Sudan: Govt Bans Aid Agencies From Darfur

Sudan's government has barred three leading international aid agencies from operating in war-torn Darfur as well as in the north and eastern regions of the country, putting at risk the lives of nearly two million people.

In an apparent response to the decision of the International Criminal Court to issue a warrant of arrerst for President Omar al-Bashir, the government revoked the licences of British-based Oxfam International, the Dutch branch of Medicines sans Frontiers and the American-based agency , the International Rescue Committee. No explanation was provided for the decision.

Amongst the vital services that the aid agencies provide are medical care, water, sanitation and education programmes for about 650,000 people in Darfur and 1.1 million in north and east Sudan.

"We are extremely distressed by the forced closure of our aid operations," said George Rupp, the IRC’s president and CEO. "It appears the international aid effort in the region is being shut down and that raises grave concerns about the welfare of millions of Sudanese people who rely on humanitarian aid for survival."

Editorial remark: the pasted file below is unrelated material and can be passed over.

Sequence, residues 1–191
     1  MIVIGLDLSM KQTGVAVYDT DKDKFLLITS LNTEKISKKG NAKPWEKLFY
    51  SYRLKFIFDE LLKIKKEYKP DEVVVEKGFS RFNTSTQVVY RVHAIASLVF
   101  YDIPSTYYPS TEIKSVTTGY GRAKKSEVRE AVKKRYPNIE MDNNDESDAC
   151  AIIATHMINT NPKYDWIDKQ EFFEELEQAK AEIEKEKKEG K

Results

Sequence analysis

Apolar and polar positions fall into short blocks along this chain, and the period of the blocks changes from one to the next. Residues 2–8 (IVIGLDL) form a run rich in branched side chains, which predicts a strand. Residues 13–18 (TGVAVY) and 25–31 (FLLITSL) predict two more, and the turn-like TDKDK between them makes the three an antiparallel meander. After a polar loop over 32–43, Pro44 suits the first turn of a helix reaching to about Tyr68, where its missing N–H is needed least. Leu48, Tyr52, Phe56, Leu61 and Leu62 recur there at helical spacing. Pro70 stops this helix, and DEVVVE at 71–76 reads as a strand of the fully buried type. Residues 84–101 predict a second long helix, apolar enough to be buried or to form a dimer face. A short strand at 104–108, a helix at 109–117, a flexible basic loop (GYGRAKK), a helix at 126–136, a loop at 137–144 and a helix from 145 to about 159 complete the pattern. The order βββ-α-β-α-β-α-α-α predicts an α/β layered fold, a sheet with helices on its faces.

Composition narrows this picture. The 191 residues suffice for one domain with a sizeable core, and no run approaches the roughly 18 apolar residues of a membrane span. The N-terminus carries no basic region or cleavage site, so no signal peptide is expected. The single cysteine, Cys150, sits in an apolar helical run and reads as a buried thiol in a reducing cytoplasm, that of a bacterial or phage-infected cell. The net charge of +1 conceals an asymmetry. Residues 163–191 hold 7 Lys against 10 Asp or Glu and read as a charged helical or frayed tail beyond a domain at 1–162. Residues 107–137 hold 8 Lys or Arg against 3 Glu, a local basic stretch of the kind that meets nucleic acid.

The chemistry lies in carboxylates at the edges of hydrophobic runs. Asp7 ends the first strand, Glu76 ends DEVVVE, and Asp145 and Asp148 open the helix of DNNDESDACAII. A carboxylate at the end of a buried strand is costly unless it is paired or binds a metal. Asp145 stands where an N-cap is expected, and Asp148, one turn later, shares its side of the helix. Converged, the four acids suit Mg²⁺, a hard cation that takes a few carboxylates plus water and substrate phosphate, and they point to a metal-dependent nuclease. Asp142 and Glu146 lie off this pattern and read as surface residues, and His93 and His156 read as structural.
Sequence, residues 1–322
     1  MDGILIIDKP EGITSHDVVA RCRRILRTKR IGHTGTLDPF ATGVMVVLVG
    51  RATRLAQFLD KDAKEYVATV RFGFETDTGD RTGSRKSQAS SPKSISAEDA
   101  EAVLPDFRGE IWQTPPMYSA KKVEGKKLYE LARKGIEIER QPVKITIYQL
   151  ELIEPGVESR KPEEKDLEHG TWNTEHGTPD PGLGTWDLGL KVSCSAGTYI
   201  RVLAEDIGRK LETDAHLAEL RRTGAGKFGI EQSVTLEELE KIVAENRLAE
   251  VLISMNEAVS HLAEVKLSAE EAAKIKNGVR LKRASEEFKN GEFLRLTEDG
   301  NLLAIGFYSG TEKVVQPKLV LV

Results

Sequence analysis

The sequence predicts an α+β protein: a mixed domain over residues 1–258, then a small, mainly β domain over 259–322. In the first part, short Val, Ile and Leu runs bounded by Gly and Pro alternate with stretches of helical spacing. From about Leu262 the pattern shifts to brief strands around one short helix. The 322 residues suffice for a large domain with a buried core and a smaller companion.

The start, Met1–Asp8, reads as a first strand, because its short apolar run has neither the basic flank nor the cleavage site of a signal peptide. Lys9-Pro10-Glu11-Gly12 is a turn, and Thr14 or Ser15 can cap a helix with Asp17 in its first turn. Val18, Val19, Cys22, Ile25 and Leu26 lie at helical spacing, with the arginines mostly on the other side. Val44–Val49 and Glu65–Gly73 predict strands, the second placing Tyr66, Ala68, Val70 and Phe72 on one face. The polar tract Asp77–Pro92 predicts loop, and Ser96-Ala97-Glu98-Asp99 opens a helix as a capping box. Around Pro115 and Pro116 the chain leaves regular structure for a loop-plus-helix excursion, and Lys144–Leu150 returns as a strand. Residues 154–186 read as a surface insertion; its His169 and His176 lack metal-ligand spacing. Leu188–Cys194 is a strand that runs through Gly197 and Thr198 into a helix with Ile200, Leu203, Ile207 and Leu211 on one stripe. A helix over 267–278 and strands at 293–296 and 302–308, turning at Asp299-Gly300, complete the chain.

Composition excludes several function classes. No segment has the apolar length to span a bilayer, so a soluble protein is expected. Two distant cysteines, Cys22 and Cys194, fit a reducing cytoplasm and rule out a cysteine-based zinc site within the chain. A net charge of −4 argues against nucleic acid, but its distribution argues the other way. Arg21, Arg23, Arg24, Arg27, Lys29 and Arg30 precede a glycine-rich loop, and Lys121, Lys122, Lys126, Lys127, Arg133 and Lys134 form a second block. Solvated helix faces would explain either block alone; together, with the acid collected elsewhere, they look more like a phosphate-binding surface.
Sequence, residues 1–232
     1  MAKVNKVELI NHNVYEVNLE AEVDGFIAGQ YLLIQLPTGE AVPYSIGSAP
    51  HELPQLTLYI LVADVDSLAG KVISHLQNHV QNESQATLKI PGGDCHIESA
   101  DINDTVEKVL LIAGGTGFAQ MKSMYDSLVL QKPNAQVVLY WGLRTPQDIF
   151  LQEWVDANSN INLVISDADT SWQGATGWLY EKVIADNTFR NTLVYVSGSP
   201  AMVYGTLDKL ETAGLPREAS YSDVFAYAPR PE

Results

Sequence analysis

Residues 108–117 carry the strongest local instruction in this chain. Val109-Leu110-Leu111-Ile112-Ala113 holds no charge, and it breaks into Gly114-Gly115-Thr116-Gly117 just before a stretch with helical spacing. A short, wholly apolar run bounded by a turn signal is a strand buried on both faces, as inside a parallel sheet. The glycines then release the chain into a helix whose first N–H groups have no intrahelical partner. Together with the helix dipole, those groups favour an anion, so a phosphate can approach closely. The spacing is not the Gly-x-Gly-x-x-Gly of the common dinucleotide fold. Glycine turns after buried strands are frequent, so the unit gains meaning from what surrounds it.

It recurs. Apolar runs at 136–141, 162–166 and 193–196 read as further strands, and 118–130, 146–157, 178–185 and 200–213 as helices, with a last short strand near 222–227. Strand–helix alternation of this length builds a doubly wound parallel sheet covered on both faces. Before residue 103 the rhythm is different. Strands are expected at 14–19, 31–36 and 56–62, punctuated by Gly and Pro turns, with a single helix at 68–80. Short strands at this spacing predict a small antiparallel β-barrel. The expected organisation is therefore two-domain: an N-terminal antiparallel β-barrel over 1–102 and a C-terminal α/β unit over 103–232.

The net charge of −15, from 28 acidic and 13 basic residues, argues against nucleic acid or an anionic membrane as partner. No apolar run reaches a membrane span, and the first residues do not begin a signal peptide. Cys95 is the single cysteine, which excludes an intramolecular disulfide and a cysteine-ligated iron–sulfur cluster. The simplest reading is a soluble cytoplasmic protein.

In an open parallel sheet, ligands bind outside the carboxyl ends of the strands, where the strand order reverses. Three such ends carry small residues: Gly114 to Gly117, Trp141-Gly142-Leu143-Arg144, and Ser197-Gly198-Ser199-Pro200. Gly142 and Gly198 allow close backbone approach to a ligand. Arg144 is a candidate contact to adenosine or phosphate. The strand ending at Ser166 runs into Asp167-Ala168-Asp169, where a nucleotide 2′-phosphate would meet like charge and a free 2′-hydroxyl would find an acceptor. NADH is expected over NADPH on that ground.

A press statement released by MSF stated that at the time that the decision was announced, meningitis had broken out in Kalma Campa, a temporary home to more than 90,000 internally displaced citizens.

“MSF has worked tirelessly to deliver medical aid to the people of Darfur since the beginning of the crisis. It is completely unacceptable that the people of Darfur are being deprived of essential medical care,” said Arjan Hehenkamp, MSF-Holland operational director.

All three groups are non-governmental organisations with no affliation to the ICC.

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